In a study of 117 women with gestational diabetes, intuitive eating practices was associated with lower BMI, weight retention, fasting glucose, and Hemoglobin A1C at 1-year postpartum. This suggests that intuitive eating may be an effective method for weight and blood sugar control. Another study showed that intuitive eating resulted in improved dietary behaviors, and lower BMI.

Studies have also shown that intuitive eating is good for the psyche, with improved self-esteem, better body image, and less anxiety and depression. People are also more likely to stick to the intuitive eating program than diets, therefore increasing their opportunity to make positive behavior change.

Why Intuitive Eating Doesn’t Work for Some People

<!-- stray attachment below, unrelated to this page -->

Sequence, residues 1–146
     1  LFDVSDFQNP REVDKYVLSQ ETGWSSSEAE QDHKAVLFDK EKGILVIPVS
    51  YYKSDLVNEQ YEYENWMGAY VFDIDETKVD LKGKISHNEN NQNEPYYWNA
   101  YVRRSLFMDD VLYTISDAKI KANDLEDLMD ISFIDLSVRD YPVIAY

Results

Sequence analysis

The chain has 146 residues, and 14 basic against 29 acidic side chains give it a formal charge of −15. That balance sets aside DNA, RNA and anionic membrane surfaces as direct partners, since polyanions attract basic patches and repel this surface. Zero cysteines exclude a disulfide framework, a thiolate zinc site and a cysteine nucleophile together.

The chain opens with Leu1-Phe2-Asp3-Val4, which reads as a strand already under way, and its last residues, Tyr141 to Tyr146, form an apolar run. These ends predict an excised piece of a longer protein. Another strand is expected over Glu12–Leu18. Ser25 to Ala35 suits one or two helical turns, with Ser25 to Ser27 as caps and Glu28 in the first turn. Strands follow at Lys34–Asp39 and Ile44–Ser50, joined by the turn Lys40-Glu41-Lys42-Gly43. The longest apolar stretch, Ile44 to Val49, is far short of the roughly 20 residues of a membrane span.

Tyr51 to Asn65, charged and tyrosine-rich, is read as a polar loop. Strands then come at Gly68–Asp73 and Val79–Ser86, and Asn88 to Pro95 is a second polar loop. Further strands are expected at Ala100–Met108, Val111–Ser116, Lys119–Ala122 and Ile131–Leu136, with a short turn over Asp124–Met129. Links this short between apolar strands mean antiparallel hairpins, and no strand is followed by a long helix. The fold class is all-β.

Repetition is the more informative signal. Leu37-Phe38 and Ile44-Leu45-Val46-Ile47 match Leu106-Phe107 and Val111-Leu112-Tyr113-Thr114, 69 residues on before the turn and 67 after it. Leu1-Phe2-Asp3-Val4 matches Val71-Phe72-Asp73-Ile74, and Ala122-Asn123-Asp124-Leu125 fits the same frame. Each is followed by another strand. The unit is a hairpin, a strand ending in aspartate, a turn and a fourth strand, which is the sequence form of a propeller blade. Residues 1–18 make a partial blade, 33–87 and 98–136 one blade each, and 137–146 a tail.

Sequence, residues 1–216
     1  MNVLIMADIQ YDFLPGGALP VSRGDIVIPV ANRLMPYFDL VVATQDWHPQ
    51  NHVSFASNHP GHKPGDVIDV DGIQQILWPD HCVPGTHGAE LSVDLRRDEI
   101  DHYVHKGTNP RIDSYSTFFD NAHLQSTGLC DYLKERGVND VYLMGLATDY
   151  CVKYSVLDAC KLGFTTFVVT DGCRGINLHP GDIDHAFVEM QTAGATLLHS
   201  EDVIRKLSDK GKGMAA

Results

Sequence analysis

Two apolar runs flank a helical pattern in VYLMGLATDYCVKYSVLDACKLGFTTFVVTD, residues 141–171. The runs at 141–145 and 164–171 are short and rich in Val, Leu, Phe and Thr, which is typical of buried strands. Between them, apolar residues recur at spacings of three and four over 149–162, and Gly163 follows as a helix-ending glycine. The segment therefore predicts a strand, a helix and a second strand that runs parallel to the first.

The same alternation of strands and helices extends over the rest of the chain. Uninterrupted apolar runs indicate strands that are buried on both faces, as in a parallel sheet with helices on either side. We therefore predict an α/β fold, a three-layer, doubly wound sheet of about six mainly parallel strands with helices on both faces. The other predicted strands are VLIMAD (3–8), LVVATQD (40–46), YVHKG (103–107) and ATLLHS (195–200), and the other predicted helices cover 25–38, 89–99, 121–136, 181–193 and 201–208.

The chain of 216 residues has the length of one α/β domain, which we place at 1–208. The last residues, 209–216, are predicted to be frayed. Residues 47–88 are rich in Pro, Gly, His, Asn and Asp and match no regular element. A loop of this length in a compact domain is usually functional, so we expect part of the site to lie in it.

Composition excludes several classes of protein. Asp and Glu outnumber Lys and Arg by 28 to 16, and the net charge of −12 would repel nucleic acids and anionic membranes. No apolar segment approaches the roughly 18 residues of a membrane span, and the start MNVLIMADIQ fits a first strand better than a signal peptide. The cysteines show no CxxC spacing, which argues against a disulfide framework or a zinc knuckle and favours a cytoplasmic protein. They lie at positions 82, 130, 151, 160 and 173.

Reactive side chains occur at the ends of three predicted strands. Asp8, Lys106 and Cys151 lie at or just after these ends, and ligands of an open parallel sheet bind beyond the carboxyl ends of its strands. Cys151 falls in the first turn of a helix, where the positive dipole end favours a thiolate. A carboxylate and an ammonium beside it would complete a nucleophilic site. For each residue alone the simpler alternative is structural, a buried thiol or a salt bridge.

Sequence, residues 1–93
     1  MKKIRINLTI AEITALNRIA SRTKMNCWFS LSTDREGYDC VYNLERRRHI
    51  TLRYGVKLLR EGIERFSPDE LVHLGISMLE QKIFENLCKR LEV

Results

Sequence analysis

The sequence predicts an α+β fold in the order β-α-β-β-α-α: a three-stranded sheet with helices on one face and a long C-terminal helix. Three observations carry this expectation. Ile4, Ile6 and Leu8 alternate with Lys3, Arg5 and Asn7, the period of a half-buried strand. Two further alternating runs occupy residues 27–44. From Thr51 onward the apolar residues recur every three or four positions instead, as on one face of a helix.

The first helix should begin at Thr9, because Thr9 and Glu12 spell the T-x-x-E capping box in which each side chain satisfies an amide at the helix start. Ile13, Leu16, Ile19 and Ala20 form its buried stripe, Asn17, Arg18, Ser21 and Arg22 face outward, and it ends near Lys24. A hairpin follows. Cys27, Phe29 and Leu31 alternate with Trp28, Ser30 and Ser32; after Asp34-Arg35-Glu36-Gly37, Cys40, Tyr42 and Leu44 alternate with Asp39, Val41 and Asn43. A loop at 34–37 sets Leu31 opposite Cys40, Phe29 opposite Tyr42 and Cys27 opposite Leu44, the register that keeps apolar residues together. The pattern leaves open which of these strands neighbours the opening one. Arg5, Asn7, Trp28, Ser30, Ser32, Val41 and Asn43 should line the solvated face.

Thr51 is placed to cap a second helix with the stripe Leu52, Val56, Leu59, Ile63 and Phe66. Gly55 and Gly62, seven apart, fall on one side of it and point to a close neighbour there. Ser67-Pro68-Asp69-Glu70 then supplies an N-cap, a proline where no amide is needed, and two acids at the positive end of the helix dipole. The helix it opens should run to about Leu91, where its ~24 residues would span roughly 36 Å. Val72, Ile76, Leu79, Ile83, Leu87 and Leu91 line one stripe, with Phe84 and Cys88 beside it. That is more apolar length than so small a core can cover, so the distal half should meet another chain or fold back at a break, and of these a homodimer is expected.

Some people claim that intuitive eating doesn’t work, or they argue that people already eat intuitively, which is part of their problem.

The problem, or challenge with intuitive eating is that it requires you to very closely listen to your own internal cues and feelings. And this is a lot harder than it sounds. If you’ve developed an unhealthy eating pattern throughout your life, it’s going to be difficult to break that pattern. It’s going to take time to observe your choices, listen to what your body is telling you, and then change your actions. The whole process can be somewhat frustrating, especially since it feels somewhat ambiguous.

But embracing this ambiguity is part of the process. To reject the traditional diet mentality, you have to let go of the search for a quick fix, and/or diet guru. The whole process can feel chaotic to some people because you’re turning the whole dieting paradigm on its head.